A TEENAGE girl struck down with Covid-19 has spoken of how her battle with the virus has made her stronger.

It was eighteen-year-old Marium Zumeer’s first time in a hospital when she was taken in by ambulance, struggling to breathe and with pains in her chest.

Her experience has been documented by Professor John Wright, an epidemiologist and director of the Bradford Institute for Health Research, which is based at the Bradford Royal Infirmary (BRI). He has been giving an insight into the hospital’s response to the coronavirus in a series of diaries and recordings for the BBC.

Prof Wright said patients are always asked how they think they have caught Covid-19.

He said: “For the most part, there’s a clear story of contact with someone with symptoms, a household member or an occupational exposure. However, there are a surprising number of patients where the source is an enigma.”

Marium’s father, Kaiser, who works as a taxi driver in Bradford, could have been infected by a client - but he had stopped working and was so worried about protecting his elderly parents from Covid-19 that he took his children out of school a week before the lockdown.

Prof Wright said: “Mostly the family stayed at home, only going out for shopping, but Kaiser’s mother needs kidney dialysis, so three times a week he would drive her to Bradford Royal Infirmary.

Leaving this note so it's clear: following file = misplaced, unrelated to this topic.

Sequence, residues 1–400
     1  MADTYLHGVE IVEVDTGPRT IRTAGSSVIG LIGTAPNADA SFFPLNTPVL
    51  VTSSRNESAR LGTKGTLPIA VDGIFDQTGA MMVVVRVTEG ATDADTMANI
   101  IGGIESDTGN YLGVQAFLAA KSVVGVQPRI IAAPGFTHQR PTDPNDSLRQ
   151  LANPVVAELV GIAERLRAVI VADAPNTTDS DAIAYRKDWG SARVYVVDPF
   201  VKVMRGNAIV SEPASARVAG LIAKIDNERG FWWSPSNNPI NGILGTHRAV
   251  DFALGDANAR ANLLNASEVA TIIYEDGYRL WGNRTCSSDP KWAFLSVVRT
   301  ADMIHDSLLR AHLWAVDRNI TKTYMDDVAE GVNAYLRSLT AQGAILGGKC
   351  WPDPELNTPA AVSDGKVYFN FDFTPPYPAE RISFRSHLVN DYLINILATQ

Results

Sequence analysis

“And there was one other occasion when they all left the house - for a funeral. Kaiser says no-one else at the funeral got ill, so it’s impossible to say with confidence that that is where the family picked up the virus.

“What is clear, though, is that eventually the whole family became ill. In fact, shortly after Marium was brought to hospital, her 84-year-old grandfather, Mohammed, arrived in another ambulance, followed later by her mother, Saiqu.”

In a heartbreaking turn, Mohammed, who came to the UK from Pakistan in the 1960s to work in the textile mills, did not recover. But Kaiser decided to keep the news of his father’s death from Marium, for fear that the distress would be bad for her health, said Prof Wright.

Marium and her mother got better quite quickly. While the teenager initially needed a high volume of oxygen, after a few days she was feeling a lot better and could be taken off the CPAP machine - a form of non-invasive ventilation.

She was eventually able to go home and that is when she learnt of her grandfather’s death.

Their last conversation was over Facetime while they were both in different wards of the hospital.

Marium said that as they were talking, he got up and smiled - a memory she will always carry with her. Prof Wright said clinicians and Marium herself had been left puzzled about why she got so much sicker than her five siblings.

She said: “I think young people don’t realise this can happen to them. I didn’t think it could happen to me. You don’t see it coming, it is just there and suddenly it can take you and leave you so ill.”

"This whole thing has made me stronger. You really learn the value of true life - you know, that every breath is vital and so important.

"Just to be sitting here right now, every breath I take, I'm so grateful for it."